The cryptocurrency exchange Liquid has disclosed that some of its warm wallets had been compromised. SecurityWeek reports that the approximate equivalent of ninety-seven-million dollars has been lost. Security firm Elliptic says that much of the theft, some forty-five-million dollars, was of Ethereum tokens, which the thieves are currently in the process of converting to Ether before they can be frozen.
The US Cybersecurity and Infrastructure Security Agency (CISA) has this week issued guidelines for preventing ransomware attacks, protecting data at risk in such attacks, and responding to a ransomware incident should your organization fall victim.
TechCrunch reviews the cost of a ransomware attack as assessed by multiple sources and finds that the ransom payment itself, if any is even made, usually comes to less than 20% of the total. Labor, reputational damage, opportunity costs, and legal obligations make up the bulk of the bill.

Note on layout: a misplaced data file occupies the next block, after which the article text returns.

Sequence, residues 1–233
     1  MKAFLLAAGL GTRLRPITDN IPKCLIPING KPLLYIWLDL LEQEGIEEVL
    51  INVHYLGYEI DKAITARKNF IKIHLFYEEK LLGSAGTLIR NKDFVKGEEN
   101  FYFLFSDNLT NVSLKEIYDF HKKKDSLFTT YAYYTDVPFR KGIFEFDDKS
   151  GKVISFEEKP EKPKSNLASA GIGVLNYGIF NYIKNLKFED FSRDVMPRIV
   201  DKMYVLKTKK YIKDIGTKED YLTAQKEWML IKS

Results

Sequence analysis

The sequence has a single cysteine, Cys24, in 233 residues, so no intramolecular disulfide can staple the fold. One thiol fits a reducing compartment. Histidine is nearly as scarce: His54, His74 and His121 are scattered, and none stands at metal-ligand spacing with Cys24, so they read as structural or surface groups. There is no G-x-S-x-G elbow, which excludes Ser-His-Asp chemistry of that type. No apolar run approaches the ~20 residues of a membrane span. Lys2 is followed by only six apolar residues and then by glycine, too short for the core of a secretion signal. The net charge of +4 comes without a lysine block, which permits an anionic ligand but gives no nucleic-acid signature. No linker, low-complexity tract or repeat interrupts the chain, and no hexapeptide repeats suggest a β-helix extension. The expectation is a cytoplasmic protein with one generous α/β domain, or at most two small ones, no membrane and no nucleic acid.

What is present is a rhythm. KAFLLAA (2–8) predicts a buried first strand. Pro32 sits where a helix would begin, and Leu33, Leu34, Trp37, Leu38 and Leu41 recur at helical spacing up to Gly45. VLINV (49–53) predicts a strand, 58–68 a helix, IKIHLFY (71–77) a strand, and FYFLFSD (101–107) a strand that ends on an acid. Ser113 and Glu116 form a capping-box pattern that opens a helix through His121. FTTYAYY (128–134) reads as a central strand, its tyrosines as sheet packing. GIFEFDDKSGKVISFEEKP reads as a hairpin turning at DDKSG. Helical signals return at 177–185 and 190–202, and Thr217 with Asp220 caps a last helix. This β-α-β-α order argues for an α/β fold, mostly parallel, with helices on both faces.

The Wall Street Journal reports that the US Federal Communications Commission (FCC) has opened an inquiry into the T-Mobile breach, the first regulatory action in response to that incident.
China has passed its long anticipated data privacy law, the Personal Information Protection Law. It closely resembles, the Wall Street Journal says, the GDPR. It's likely to restrain corporate data collection, but is expected to have essentially no effect on government surveillance. CNBC sees the law as part of a general tightening of Beijing's regulation of the tech sector.
The US Federal Trade Commission (FTC) has filed an amended version of its anticompetitive practices complaint against Facebook.